You could see many photos in Flickr group with GNOME.Asia Summit 2015 all of the pictures come from our great Participant and Organizer.

If you ask me "Why you work hard for GNOME, freeware and open source?"
---- The answer is "Friendship and Smile"

-Smiles is the greatest power to promote GNOME and FOSS to me-

I meet many new friends and contribute  to GNOME and FOSS in many different events.


It also a good time to see old friends get together. ^^


It's very good to work in GNOME and GNOME.Asia team, I learn very much from GNOME and GNOME.Asia team.

This year, we have very strong local committee.

- Thanks Utian give us close speech and BinLi -

- Thanks Haris make everything smooth and smile-

- Thanks Estu always give everything right away, you should go to GUADEC ^^-

- Thanks Siska and our host [ We have 2 great host this year ^^ ] keep everyone powerful -

- Thanks our local committee and organizer always smile and keep contribute-

I want to list all the pictures with all our local committee and organizer, I really suggest you to see the pictures in flickr group.

Great picture to see in GNOME.Asia Summit 2015.


I also want to let you know

- Great photo comes from Contributors ( In diff method ) get together-

I really love the topic this year "GNOME   Desktop for Everyone"


Everyone could use GNOME for Desktop ^^ -- I love it

I am very enjoy GNOME.Asia Summit this year.

- I love my new job "Human timer for lighting talks" this year -

It's great moment to see GNOME.Asia Summit in Universitas Indonesia.



We have great time in Day 0 workshop.

-Thanks our speakers give us workshop ^^-

Also love to see openSUSE community guys in Indonesia, and it's my pleasure to join openSUSE Indonesia facebook Group.


It's great to have friends join GNOME.Asia Summit from Taiwan together.


- Thanks Shing Yuan introduce how to promote open source with their team  in Aletheia University-

Thanks everyone join GNOME.Asia Summit




We have lots fun in GNOME.Asia.


Thanks speakers come to GNOME.Asia Summit and blog for summit.





I want to Thanks all our sponsor and GNOME Foundation.
Without their their support, we could not have this amazing GNOME.Asia Summit.








Thursday
18 June, 2015


Michael Meeks: 2015-06-18 Thursday.

21:00 UTCmember

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  • Breakfast in bed; and a fine crop of birthday presents: primarily pretty clothes for J. and Sci-fi books to read to the kids with a crate of craft ciders. Mail chew, etc. out for a walk in the countryside with J. - oddly and encouragingly child-less.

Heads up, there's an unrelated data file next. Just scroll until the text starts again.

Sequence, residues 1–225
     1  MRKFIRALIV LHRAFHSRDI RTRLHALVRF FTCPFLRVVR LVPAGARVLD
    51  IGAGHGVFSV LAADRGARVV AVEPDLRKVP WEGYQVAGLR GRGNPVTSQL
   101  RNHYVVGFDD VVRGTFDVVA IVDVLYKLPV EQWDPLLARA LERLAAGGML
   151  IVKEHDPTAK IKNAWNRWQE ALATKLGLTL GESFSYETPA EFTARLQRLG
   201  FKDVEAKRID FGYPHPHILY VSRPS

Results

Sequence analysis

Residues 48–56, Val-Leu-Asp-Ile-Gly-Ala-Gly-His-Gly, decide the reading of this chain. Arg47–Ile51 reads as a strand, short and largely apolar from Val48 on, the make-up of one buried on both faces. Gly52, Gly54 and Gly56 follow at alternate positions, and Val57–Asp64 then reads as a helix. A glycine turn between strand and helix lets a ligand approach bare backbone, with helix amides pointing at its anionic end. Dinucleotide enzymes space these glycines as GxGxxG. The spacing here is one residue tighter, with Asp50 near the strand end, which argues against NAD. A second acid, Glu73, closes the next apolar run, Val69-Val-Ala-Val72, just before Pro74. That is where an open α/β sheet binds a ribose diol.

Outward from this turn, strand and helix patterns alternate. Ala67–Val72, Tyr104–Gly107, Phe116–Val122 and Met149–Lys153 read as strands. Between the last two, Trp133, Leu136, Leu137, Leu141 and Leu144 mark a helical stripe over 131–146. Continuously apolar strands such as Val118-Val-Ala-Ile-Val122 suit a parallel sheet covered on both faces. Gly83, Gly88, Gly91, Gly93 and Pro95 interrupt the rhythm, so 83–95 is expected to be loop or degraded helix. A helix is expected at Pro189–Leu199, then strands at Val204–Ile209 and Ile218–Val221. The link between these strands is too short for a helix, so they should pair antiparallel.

• Partner call, project update call, ESC call, project update call.

Wednesday
17 June, 2015


Michael Meeks: 2015-06-17 Wednesday.

21:00 UTCmember

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  • Built code overnight, checked out, chewed mail, reviewed bugs etc. on the train. Poked away at bugs, text review etc.
  • Plane, train - dug into some basebmp evilness with mask bitmaps, a horrifying un-readble / debugging Vigra template morass.
  • Lovely to be home with the wife & family again.

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Today at 7 it is ownCloud meetup time in C-Base again (and also in Munich, by the way!). As ownCloud Server 8.1 is scheduled for the beginning of next month, I hope to grab a daily ownCloud snapshot, put it on a Banana Pi and run the cool Smashbox testing tool against it to see how it fares.

Even more interesting, I hope to see if I can install older ownCloud releases on other Pi's and compare the performance changes between 7, 8 and 8.1 for example. Performance is one of the big improvements that should be coming in 8.1, with 4x speed up of things like file syncing. I'd like to see if I can measure that!

I have several Pi's and (after having given workshops on how to install ownCloud on them) plenty experience in getting them running, but no experience with Smashbox whatsoever. So - I can use some help. If you're interested in joining the fun, be there tonight!

On a different note, ownCloud comes out in the beginning of next month - that means that the NEXT meetup is essentially a release party at C-Base. Sir, yes, sir - release party time! See you there?

There'll be a meetup on the 6th of July in Nuremberg, I guess that's a pre-release party as the release is set for the 7th. Munich also has a meetup on July 15, like Berlin.

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Continuing the techno-geekery at home As written in a previous post I’d bought some wireless controlled electrical plug adapters primarily for use to remotely control the air conditioning unit in The Son’s room, especially in the evenings after he had been put down for the night. The adapters are controlled via a smartphone application, and […]


Tuesday
16 June, 2015


Michael Meeks: 2015-06-16 Tuesday.

21:00 UTCmember

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  • To the venue, an interesting overview of cloud bits. I have a growing suspicion that I know where some of the sysadmins went; they transmogrified into Cloud Infrastructure Engineers.
  • Quested for a Euro-compatible power socket fruitlessly, back to the hotel for a positive customer call. Prepped slideware and demos: worryingly robust - can this really be the bleeding edge ? Back to UniS - gave a talk, chatted to many people afterwards.
  • Slides available as hybrid-PDF:
    LibreOffice Online slides
  • Out for dinner with Markus W - to celebrate the PDF signing crowd-funding campaign. Up late with some interesting guys.